• Roxanne Tibbert

Where the wild things will go

Updated: Apr 13

Since moving to the UK over 10 years ago (😳) I have come to love the variety of the English landscape. Rolling farmlands, dense woods and forests, lakes and mountains, beaches with chalk cliffs and pebbled sands, highlands and moors. All of it is incredibly beautiful, and sadly we don't get to see much of it from our London home.


Climate change can often feel very far away, and very foreign. I've spoken a lot about the effects of climate change on the most vulnerable in the world, and even did a case study on Kenya (and I think these things are very important to know and remember by the way). But how will the climate emergency affect us here, at home?

Wildlife

Changes in temperature, caused by global warming, are already having an effect on UK wildlife. The Guardian reported a conversation with Martin Harper, the RSPB director of conservation, who said, “Climate change is the greatest long term threat to people and wildlife. We are already seeing its impacts, and, alongside other pressures on land and at sea, our wildlife is increasingly at risk.”


The State of Nature Report (2019) found that the "populations of the UK’s most important wildlife have plummeted by an average of 60% since 1970." The report found that a quarter of UK mammals and nearly half of the birds assessed are at risk of extinction. As well as this, it found 440 plants, 405 invertebrates and 232 fungi and lichen in danger. Our beautiful, wonderful, biodiverse, UK wildlife is in danger because of climate change.


A spotlight on bees: the UK is home to over 250 species of bee (what!), and they are all really important pollinators in our food system. One of the effects of climate change is that the seasons become disrupted - they start at different times, we have warmer and wetter winters, much hotter summers. This erratic weather means that bees find it harder to nest and feed (WWF).

Floods

Who remembers Storm Dennis? That was only a few weeks ago, but it has quickly been eclipsed in the news by Coronavirus. What I hadn't realised was that the UK was hit by 3 storms in February - Ciara, Denis and Jorge. The BBC interviewed Dr Mark McCarthy, from the National Climate information Centre, "having three such widespread extreme rainfall events in the same calendar month is exceptionally rare."


These storms caused crazy amounts of flooding in the north. Friends of the Earth said that these floods were made 40% more likely by the current effects of climate change, and that the climate crisis is only going to make flooding worse.


Heatwaves

As well as more rain, the UK is also getting warmer. The 10 hottest years since 1884 occurred between 2002 and 2018 (State of the UK Climate 2018). Friends of the Earth state that "record summer temperatures led to moors like Saddleworth burning for days on end – damaging nature, threatening local towns and increasing air pollution."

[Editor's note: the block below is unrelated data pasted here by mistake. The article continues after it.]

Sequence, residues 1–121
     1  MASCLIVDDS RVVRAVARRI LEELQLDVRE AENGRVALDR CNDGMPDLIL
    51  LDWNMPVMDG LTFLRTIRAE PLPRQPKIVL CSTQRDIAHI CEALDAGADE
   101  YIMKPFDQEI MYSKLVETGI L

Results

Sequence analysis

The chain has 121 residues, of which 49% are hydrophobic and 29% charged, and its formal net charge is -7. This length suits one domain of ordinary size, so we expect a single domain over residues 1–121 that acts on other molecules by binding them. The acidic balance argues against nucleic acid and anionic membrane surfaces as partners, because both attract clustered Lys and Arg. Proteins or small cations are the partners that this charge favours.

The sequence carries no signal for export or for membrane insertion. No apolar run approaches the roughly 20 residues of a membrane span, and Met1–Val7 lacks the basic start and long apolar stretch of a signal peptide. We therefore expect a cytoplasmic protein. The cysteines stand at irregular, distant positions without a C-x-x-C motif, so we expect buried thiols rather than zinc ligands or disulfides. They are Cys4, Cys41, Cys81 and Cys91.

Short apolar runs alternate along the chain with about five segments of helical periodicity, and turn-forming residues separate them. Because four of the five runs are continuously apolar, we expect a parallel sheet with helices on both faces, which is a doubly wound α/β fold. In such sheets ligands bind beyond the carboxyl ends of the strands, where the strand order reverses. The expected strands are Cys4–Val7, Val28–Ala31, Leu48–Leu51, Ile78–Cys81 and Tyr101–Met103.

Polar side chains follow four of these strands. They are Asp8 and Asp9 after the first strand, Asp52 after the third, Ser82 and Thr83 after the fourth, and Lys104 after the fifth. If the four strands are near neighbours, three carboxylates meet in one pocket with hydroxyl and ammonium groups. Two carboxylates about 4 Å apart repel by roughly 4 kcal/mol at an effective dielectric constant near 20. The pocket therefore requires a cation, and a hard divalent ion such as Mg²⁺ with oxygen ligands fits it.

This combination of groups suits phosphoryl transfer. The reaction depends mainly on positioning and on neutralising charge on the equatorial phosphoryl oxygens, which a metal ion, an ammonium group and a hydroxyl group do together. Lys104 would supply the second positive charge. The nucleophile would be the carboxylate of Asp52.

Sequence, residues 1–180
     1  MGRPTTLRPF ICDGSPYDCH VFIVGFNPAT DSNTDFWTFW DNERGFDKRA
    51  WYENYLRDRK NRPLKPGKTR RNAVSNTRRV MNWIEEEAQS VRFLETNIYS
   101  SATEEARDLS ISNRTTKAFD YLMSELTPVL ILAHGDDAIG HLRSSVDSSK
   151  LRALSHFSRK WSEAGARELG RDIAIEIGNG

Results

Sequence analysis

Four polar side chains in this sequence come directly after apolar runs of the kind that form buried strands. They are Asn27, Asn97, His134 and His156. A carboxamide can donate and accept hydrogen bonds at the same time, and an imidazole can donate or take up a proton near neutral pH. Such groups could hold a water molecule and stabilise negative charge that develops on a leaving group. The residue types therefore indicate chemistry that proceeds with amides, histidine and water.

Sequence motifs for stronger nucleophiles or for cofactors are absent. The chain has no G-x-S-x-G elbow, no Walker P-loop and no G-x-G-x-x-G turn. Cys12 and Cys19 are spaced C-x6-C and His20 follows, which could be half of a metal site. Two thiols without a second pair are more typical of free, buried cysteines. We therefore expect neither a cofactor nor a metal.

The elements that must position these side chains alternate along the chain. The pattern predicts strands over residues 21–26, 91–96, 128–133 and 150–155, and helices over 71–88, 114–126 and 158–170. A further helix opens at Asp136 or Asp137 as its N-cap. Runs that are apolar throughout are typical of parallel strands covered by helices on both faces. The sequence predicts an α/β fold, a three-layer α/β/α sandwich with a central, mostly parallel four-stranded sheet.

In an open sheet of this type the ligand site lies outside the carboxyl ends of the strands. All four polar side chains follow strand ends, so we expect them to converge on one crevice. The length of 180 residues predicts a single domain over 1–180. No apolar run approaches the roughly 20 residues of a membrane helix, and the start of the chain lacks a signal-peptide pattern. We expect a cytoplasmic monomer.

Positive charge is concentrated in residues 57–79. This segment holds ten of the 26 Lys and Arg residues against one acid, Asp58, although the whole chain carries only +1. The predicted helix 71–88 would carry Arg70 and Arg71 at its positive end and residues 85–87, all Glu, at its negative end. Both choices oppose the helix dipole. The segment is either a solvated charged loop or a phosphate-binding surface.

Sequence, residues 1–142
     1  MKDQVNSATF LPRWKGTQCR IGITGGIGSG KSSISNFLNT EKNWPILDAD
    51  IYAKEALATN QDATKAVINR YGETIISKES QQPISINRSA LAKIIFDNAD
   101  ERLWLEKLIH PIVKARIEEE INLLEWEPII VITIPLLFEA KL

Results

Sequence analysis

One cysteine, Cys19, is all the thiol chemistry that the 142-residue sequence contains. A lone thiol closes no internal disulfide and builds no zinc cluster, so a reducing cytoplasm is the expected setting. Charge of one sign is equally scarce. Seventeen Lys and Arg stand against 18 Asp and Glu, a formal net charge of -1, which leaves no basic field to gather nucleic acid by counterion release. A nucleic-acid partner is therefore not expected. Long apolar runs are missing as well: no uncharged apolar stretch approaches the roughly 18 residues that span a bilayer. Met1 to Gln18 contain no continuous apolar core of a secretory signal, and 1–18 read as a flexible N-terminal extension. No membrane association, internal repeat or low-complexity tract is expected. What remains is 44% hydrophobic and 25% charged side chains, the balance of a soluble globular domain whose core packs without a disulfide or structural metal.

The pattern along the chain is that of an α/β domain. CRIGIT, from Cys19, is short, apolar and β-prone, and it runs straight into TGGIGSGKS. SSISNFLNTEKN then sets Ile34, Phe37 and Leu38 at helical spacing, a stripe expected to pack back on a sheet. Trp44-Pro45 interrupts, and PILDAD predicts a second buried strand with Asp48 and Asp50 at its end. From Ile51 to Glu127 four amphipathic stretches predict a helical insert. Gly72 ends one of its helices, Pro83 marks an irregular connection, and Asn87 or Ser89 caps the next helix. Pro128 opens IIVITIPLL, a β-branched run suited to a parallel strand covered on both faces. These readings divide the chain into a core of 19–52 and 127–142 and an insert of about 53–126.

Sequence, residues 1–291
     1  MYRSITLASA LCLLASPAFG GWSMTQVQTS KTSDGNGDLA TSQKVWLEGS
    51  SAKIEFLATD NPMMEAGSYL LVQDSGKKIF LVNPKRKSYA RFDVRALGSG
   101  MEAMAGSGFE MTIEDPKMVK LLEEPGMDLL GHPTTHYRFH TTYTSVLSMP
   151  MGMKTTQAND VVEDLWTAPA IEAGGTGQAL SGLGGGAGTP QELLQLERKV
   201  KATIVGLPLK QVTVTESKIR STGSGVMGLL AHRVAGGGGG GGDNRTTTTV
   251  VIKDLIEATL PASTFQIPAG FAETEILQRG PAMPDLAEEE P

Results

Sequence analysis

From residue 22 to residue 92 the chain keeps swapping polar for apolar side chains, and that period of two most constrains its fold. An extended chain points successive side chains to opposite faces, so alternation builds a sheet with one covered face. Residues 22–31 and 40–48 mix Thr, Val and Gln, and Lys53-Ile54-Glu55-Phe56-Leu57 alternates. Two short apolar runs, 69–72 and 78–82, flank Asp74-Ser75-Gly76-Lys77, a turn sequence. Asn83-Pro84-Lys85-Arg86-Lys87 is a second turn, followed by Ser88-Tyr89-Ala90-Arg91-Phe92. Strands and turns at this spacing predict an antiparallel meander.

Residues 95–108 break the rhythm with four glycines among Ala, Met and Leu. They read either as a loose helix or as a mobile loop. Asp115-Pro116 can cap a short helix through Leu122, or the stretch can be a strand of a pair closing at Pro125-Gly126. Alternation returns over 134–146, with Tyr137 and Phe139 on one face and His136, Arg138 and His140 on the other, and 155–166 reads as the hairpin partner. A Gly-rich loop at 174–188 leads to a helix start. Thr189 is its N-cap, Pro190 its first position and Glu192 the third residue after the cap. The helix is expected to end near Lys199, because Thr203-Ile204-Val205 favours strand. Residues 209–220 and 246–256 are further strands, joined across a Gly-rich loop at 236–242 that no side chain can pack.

We often think that countries like Australia are alone in tackling wildfires - but as the climate crisis intensifies we will have to deal with these issues too.

Not to be depressing but these examples only touch the surface. Climate change creates a chain reaction that echoes through every level of the ecosystem.


So what can we do?

Take action! Seriously, the time to act is now. And if you're unsure how, then read some of my other blogs and look out for some practical tips in April (sign up to the newsletter below to receive them).


I've also pulled together some suggestions for encouraging wild things:

Grow wildflowers: wildflowers are really good for bees (yay 🐝) and other pollinators. RSPB have a step-by-step guide for growing a wildflower meadow (how awesome would that be!). So why not give it a go and make a home for bees and other insects in your garden?

Plant trees (and other plants): most of us don't have space for trees in our gardens. However The Guardian reports that “the basic rule is that the more vegetation you have, the more carbon you are storing.” So get planting!

Eat more locally: read my blog about seasonal eating, and find out why I think that is the best approach to local eating.

The UK has some absolutely exceptional wildlife and landscapes. We shouldn't take them for granted, nor should we assume that they are immune to the effects of climate change. If we want the next generations to have what we currently enjoy then we need to protect wildlife, preserve habitats, love ecosystems, and treat the earth with the respect it deserves. In short, we have to fight the climate crisis. So let's get cracking! 👫


Love, Roxy.

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